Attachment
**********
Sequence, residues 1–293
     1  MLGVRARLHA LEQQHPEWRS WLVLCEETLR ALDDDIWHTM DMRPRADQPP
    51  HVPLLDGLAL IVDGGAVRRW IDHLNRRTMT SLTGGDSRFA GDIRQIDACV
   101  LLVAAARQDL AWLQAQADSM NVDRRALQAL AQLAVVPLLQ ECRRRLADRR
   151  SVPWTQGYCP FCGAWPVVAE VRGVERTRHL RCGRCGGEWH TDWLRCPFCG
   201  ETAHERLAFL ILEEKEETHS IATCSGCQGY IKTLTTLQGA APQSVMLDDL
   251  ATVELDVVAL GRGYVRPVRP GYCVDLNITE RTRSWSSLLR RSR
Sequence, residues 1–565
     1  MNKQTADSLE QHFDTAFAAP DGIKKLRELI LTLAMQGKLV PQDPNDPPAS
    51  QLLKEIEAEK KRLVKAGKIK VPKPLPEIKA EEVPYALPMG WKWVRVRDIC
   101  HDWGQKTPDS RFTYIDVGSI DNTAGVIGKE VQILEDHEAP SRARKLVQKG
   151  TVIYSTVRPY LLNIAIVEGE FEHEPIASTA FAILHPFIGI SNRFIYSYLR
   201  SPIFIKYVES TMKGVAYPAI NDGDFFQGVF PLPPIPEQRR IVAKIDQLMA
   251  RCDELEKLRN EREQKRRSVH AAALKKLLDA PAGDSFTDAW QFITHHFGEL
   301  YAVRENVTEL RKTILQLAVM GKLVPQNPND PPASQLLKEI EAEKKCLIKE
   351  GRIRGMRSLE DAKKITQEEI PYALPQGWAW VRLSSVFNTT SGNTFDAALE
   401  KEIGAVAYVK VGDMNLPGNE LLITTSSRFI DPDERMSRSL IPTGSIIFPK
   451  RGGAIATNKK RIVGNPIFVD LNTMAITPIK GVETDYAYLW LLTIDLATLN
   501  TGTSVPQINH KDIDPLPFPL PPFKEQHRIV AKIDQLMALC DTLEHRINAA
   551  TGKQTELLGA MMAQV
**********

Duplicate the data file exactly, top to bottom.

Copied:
Sequence, residues 1–293
     1  MLGVRARLHA LEQQHPEWRS WLVLCEETLR ALDDDIWHTM DMRPRADQPP
    51  HVPLLDGLAL IVDGGAVRRW IDHLNRRTMT SLTGGDSRFA GDIRQIDACV
   101  LLVAAARQDL AWLQAQADSM NVDRRALQAL AQLAVVPLLQ ECRRRLADRR
   151  SVPWTQGYCP FCGAWPVVAE VRGVERTRHL RCGRCGGEWH TDWLRCPFCG
   201  ETAHERLAFL ILEEKEETHS IATCSGCQGY IKTLTTLQGA APQSVMLDDL
   251  ATVELDVVAL GRGYVRPVRP GYCVDLNITE RTRSWSSLLR RSR
Sequence, residues 1–565
     1  MNKQTADSLE QHFDTAFAAP DGIKKLRELI LTLAMQGKLV PQDPNDPPAS
    51  QLLKEIEAEK KRLVKAGKIK VPKPLPEIKA EEVPYALPMG WKWVRVRDIC
   101  HDWGQKTPDS RFTYIDVGSI DNTAGVIGKE VQILEDHEAP SRARKLVQKG
   151  TVIYSTVRPY LLNIAIVEGE FEHEPIASTA FAILHPFIGI SNRFIYSYLR
   201  SPIFIKYVES TMKGVAYPAI NDGDFFQGVF PLPPIPEQRR IVAKIDQLMA
   251  RCDELEKLRN EREQKRRSVH AAALKKLLDA PAGDSFTDAW QFITHHFGEL
   301  YAVRENVTEL RKTILQLAVM GKLVPQNPND PPASQLLKEI EAEKKCLIKE
   351  GRIRGMRSLE DAKKITQEEI PYALPQGWAW VRLSSVFNTT SGNTFDAALE
   401  KEIGAVAYVK VGDMNLPGNE LLITTSSRFI DPDERMSRSL IPTGSIIFPK
   451  RGGAIATNKK RIVGNPIFVD LNTMAITPIK GVETDYAYLW LLTIDLATLN
   501  TGTSVPQINH KDIDPLPFPL PPFKEQHRIV AKIDQLMALC DTLEHRINAA
   551  TGKQTELLGA MMAQV